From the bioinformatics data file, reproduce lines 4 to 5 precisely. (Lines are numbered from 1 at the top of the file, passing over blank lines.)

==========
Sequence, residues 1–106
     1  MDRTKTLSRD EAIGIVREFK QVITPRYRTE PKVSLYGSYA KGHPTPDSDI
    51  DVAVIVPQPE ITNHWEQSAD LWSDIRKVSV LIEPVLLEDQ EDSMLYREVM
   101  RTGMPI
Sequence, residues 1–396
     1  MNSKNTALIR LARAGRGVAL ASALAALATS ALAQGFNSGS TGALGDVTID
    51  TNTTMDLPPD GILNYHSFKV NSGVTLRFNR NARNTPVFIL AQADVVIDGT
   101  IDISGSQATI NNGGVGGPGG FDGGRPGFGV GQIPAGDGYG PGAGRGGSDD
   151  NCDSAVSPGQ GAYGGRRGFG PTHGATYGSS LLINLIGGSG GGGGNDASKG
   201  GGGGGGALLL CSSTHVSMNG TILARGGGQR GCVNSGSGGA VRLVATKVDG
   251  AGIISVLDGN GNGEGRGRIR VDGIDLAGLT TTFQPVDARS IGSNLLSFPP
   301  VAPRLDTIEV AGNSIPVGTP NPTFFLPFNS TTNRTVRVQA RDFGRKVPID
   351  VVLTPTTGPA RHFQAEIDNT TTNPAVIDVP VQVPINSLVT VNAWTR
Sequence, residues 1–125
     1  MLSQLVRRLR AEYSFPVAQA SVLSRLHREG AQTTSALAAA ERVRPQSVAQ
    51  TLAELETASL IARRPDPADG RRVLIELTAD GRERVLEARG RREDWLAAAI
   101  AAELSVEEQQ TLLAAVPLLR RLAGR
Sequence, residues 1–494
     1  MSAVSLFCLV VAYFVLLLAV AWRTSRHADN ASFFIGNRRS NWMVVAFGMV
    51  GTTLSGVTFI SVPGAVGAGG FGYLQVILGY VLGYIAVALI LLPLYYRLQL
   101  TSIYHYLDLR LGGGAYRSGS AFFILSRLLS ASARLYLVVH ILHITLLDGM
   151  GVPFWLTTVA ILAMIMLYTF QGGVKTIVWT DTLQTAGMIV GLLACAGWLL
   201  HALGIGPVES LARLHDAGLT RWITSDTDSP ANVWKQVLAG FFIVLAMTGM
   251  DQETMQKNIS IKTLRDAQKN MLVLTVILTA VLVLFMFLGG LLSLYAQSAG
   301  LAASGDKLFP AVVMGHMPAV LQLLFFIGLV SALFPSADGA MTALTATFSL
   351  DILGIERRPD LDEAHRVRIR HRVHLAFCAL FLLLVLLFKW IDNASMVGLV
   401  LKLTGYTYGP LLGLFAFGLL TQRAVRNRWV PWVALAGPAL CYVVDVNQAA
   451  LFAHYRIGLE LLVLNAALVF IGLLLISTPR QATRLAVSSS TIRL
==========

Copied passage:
   101  RTGMPI
Sequence, residues 1–396